The beauty of a story doesn’t always consist in its apparent originality, but in its emotional consistency that pushes the narrative towards the intimate or the neuralgic areas of the human soul. The short film ‘The Same Story‘, as the title suggests, doesn’t aim to reveal original narrative nuances, but the glow of its characters makes it emanate a special energy, while exposing the evolution of a trio of friends facing their personal and social aspirations. Combining in an elegant way the past with the present, friendship and duty, idealism and pragmatism, Alice Airoldi sketches within the conventions of a nostalgic realism the apogee and the decline of a friendship compromised by the ideological disputes specific to America of the 60s. The characters chosen by the director, typical typologies for the times described in the project, are faced with the choice between a purely discursive attitude and a concrete action, despite any risks, when the social balance seems to be threatened.


But this short film doesn’t talk about heroes and losers in a classic way, while the social and the personal good are not always compatible. This is the great quality of the project which avoids adopting a rebellious-romantic formula, at the end of which we can find an irrefutable rightness. More precisely, keeping the parameters of an intense authenticity that the director maintains with a fine psychological dose, the film depicts the personal failure of those blinded by the premises of a “socialist” justice which, in fact, is nothing but a literary utopia. The typology of the revolutionary who misses their own existence thus becomes the nucleus of this emotional and bitter testimony of a camaraderie vitiated by the politics of the era.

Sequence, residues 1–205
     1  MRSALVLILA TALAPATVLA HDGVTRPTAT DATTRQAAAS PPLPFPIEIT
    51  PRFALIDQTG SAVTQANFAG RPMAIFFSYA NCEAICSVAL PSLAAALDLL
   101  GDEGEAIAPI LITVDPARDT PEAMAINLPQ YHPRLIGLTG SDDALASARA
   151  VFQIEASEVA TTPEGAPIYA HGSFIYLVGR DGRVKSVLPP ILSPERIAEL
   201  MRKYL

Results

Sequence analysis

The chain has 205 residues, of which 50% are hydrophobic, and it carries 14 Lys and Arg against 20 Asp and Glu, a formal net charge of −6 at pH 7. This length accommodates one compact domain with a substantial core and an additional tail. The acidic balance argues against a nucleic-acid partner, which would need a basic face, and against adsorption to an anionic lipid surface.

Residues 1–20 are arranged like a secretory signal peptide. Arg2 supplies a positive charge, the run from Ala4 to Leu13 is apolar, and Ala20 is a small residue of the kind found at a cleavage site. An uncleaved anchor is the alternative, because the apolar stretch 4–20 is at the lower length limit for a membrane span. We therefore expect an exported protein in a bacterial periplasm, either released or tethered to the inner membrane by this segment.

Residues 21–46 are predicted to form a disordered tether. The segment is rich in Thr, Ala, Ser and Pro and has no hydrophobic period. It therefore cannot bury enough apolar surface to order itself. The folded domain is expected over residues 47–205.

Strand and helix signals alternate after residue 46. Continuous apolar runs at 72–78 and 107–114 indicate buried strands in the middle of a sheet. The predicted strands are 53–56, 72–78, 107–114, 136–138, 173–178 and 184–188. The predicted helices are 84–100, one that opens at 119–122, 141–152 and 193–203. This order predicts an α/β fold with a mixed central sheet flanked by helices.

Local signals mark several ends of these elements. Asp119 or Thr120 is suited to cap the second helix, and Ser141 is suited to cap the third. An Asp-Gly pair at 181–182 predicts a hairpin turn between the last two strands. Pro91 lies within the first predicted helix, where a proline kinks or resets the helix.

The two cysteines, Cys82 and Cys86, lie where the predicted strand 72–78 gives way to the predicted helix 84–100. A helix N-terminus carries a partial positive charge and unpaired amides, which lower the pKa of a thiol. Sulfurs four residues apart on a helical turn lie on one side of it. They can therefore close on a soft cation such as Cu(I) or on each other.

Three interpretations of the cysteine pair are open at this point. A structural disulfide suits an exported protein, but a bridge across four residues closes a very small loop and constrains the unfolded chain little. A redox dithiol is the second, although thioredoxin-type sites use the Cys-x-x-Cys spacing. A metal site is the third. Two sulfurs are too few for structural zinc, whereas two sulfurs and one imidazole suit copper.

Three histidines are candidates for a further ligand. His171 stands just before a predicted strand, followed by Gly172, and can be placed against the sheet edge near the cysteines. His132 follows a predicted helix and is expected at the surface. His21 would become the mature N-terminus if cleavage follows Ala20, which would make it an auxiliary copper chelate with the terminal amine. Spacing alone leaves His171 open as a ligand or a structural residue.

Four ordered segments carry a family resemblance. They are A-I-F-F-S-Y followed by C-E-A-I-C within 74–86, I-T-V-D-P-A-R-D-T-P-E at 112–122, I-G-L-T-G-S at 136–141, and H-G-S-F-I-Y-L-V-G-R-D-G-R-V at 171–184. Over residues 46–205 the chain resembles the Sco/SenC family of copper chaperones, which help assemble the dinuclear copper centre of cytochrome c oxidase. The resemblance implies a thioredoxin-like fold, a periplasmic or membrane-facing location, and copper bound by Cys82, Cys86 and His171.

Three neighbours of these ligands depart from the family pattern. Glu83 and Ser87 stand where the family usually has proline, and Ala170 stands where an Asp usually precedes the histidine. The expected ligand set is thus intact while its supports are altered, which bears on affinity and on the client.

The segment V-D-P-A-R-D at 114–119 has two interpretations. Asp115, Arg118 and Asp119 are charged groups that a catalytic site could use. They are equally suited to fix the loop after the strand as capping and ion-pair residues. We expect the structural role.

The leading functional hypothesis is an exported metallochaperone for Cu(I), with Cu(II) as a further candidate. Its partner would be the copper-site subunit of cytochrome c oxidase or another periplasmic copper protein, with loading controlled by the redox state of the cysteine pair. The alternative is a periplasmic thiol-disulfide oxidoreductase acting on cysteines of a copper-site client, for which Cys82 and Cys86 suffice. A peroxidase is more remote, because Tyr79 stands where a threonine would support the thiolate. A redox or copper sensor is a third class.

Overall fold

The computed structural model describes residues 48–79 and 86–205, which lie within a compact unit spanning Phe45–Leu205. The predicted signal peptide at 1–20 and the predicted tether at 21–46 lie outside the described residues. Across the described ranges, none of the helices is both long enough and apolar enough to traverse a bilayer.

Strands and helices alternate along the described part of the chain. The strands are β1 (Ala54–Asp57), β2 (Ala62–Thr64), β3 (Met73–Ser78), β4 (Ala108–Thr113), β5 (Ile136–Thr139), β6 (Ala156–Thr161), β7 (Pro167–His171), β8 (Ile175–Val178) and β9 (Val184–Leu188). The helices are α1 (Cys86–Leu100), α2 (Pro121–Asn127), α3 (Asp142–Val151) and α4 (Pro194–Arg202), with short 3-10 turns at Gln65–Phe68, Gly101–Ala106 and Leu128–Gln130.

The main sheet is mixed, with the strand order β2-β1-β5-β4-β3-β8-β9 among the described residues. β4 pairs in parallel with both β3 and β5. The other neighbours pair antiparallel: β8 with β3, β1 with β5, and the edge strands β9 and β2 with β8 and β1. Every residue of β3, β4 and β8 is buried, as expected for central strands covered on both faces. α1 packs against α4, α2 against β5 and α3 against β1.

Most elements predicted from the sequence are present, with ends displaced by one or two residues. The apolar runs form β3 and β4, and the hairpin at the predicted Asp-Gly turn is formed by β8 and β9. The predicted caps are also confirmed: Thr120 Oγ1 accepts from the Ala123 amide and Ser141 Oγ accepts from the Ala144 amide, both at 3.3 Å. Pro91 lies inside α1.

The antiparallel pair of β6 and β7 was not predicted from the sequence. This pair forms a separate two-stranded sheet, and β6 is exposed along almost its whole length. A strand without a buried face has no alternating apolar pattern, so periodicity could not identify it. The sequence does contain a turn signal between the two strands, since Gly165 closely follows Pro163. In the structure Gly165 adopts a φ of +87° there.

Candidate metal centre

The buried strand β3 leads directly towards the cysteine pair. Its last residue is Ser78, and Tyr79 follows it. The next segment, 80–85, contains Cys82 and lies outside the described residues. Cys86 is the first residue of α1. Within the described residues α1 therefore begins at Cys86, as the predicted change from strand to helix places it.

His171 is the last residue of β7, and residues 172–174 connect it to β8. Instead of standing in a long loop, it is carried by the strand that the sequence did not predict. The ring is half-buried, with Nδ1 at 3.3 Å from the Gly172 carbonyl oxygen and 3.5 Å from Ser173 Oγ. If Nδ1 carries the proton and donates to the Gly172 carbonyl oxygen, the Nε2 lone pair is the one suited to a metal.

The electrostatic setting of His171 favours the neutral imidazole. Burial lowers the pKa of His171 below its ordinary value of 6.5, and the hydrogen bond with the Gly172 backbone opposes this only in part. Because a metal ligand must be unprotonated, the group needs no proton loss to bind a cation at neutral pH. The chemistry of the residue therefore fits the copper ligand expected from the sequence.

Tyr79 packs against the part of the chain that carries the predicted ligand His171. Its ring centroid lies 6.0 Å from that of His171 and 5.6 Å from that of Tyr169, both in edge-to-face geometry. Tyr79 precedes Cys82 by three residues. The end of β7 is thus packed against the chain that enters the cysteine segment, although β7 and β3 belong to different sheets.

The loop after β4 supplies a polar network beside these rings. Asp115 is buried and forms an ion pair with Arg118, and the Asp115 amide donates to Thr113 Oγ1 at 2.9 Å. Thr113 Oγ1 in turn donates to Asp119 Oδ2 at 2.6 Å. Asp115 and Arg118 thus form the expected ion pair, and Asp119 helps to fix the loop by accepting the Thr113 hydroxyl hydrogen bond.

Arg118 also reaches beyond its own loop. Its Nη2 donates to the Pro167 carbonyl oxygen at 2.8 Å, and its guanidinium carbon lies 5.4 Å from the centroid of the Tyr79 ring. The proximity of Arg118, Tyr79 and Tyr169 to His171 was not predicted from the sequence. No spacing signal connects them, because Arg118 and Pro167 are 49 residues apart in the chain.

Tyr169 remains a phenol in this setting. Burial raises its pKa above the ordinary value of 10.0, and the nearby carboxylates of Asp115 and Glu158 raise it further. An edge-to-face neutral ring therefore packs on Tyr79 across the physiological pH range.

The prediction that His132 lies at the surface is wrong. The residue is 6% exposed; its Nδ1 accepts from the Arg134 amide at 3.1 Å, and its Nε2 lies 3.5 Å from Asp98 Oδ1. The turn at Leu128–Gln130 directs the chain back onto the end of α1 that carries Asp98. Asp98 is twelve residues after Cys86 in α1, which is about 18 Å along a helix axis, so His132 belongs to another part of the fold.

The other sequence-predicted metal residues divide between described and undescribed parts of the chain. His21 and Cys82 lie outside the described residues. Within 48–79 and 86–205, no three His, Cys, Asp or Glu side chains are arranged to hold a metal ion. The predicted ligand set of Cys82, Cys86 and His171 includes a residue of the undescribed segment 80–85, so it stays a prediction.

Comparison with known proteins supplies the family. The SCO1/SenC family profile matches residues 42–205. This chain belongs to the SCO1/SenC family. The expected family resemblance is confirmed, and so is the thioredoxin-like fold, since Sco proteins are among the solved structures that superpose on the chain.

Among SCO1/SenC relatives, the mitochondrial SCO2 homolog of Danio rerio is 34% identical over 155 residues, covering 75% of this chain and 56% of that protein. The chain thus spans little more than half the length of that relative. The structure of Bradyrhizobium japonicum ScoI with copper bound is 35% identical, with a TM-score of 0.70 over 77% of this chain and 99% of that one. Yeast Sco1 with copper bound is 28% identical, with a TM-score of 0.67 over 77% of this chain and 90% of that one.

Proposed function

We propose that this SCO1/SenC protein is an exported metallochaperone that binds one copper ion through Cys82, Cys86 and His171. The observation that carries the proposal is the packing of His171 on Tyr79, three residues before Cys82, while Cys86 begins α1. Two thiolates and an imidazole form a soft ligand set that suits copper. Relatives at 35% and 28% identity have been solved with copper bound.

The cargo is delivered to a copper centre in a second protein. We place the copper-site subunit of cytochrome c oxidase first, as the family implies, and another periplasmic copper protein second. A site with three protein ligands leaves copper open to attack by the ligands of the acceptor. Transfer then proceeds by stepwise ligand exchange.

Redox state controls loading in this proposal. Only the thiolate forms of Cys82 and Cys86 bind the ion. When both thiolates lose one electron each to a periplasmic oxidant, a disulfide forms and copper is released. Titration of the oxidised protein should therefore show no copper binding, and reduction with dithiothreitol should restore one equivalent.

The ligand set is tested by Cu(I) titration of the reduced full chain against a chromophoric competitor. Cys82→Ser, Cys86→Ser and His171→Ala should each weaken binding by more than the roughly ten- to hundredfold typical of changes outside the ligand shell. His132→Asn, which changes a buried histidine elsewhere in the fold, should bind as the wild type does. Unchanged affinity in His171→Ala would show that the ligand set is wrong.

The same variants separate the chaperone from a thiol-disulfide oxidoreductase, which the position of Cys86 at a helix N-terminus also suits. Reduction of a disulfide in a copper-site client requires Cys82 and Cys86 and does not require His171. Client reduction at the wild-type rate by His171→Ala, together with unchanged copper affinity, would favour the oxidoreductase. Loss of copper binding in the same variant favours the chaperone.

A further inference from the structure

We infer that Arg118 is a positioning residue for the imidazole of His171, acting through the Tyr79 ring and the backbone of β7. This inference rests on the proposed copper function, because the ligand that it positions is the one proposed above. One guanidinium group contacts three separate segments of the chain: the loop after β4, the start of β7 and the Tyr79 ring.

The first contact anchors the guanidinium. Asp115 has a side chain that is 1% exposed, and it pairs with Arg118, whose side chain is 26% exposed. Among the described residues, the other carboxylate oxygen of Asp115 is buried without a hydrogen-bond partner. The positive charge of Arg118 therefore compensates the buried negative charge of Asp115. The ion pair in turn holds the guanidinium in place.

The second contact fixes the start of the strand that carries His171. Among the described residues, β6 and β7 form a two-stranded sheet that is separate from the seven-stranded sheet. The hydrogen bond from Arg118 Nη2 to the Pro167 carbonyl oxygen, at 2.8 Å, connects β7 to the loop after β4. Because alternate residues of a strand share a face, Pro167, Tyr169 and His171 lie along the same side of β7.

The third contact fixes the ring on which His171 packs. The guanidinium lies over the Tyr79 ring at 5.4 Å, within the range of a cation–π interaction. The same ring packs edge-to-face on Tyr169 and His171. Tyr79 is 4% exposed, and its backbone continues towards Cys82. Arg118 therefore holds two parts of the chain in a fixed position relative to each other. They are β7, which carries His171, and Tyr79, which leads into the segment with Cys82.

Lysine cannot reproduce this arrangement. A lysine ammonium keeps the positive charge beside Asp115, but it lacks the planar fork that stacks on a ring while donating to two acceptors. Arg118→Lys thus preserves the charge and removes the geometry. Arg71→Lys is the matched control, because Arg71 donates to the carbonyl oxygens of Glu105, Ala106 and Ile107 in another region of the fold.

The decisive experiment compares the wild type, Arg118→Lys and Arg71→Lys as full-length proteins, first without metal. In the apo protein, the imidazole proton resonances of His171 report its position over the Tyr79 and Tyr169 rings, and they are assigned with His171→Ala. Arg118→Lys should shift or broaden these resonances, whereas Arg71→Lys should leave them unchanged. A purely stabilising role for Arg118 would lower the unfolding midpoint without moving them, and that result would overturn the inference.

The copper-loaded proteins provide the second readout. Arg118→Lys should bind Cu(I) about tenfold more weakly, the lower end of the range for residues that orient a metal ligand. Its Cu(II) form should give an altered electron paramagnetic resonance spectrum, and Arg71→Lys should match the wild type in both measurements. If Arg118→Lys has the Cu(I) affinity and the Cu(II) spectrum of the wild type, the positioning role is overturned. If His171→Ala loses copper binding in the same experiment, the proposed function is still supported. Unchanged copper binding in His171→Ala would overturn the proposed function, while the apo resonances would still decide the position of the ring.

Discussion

Even if the narrative and psychological substance of this project could easily serve as the basis of a feature film, Alice Airoldi manages to extract a homogeneous story without destabilizing the coherence of the protagonists’ intentions. Thus, despite those inevitable ellipses that cover several years of the lives of the three friends, the short film evolves with almost impeccable precision towards the climax that each viewer is free to choose. The balance without exaggerated emphasis between past and present create a gap in time by synthesizing the recognizable and empathetic individualities who, even though belonging to a certain social and temporal context, are more “actual” than we might think. ‘The Same Story’ may be a story you’ve seen before, but its honesty and emotional vibration should definitely convince you to give it a try.